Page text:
State Sen. Jamie Raskin defeated self-funded businessman David Trone and former television news anchor Kathleen Matthews in the most expensive congressional primary race in the nation — a crowded contest in Maryland's Montgomery County-based 8th District.
On the Republican side, attorney Dan Cox, a former Town Council president from Dorchester County, defeated a field of four other candidates.
The campaign to succeed Democratic Rep. Chris Van Hollen in the district was competitive and costly. Van Hollen's decision to run for the Senate created a rare open seat.
Candidates competing for the seat spent more than $14 million since last year – more than $10 million of it by Trone, who finished second.
Trone, founder of the Total Wine & More retail stores, blanketed the district – which stretches from Montgomery County north into Frederick and Carroll counties – with television and radio ads and mailings. "We don't take money from PACs, lobbyists or corporations," was a prominent campaign message. His strategy included a push to win over voters who are using absentee ballots.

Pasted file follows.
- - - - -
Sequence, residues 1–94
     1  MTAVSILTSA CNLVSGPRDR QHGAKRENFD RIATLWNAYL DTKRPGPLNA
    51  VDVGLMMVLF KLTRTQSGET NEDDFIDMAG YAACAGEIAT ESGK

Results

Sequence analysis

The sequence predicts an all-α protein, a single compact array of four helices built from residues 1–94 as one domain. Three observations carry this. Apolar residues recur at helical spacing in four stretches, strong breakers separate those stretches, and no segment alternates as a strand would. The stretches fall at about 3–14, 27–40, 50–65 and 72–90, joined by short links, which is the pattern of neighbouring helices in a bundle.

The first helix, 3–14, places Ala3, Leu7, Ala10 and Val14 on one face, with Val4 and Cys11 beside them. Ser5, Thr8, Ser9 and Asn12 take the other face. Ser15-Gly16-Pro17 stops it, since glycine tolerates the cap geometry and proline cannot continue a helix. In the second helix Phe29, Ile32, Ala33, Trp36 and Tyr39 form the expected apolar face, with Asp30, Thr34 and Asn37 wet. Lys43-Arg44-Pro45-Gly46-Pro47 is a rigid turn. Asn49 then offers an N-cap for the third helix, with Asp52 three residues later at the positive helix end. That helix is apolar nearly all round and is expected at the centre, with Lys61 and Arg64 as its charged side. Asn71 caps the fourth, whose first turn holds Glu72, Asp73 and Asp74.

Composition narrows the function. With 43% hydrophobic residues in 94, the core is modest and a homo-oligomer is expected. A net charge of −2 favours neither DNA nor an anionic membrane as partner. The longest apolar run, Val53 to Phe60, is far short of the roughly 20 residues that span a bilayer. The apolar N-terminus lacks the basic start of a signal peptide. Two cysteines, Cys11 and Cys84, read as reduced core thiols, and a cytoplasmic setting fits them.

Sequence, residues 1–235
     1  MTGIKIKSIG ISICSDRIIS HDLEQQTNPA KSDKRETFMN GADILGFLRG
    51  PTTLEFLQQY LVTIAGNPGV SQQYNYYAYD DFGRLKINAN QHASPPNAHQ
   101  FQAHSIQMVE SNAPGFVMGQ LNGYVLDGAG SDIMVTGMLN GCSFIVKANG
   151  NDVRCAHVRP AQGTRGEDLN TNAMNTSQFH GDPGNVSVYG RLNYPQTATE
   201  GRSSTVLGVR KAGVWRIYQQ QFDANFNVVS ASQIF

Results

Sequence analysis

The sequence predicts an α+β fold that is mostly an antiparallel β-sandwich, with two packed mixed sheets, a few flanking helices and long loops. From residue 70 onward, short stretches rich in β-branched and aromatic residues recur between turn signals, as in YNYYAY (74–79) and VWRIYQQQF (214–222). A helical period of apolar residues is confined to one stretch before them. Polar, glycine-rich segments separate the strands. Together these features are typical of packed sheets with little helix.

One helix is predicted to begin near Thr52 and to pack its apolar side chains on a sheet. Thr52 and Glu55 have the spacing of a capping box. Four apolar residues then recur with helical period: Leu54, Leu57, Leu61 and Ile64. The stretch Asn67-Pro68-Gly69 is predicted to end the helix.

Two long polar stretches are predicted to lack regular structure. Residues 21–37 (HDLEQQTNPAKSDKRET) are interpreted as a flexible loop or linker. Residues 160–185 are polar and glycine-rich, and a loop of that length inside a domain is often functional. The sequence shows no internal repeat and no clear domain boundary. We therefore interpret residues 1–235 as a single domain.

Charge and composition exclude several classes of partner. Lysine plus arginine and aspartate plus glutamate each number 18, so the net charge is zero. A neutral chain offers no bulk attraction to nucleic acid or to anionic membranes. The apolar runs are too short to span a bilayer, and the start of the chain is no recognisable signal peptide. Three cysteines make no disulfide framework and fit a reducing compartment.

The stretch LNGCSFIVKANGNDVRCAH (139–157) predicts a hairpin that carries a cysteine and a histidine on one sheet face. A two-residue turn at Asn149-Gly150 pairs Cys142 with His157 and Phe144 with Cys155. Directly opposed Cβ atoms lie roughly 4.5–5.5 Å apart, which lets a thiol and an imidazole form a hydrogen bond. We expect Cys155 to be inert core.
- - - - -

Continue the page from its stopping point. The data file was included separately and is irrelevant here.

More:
But Trone was competing against a crowded Democratic field that included three-term state Sen. Raskin and Matthews, the former Washington television anchor who is married to MSNBC political talk show host Chris Matthews.
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Raskin, a constitutional law professor at American University, and Matthews sought to use Trone's big spending against him.
"You are trying to buy a congressional seat, as if it's a fine bottle of wine," Matthews wrote in an "open letter" to Trone.
Others in the nine-candidate Democratic race included Del. Kumar Barve, a former majority leader in the House of Delegates who now chairs the Environment and Transportation Committee; Del. Ana Sol Gutiérrez; Will Jawando, a former aide in the Obama administration; and Joel Rubin, a former State Department official.
Democrats enjoy a large voter registration advantage in the district, although a moderate Republican – Connie Morella – held the seat for 16 years until losing in 2002 after the district's boundary lines were redrawn following the 2000 census.
The Democrats' spending dwarfed that of the Republican candidates, who also included Liz Matory, co-founder of CNXIS Consulting, an organizational management firm; Jeffrey Jones, senior pastor at North Bethesda United Methodist Church; Aryeh Shudofsky, a financial analyst and economic policy adviser; and Shelly Skolnick, an attorney.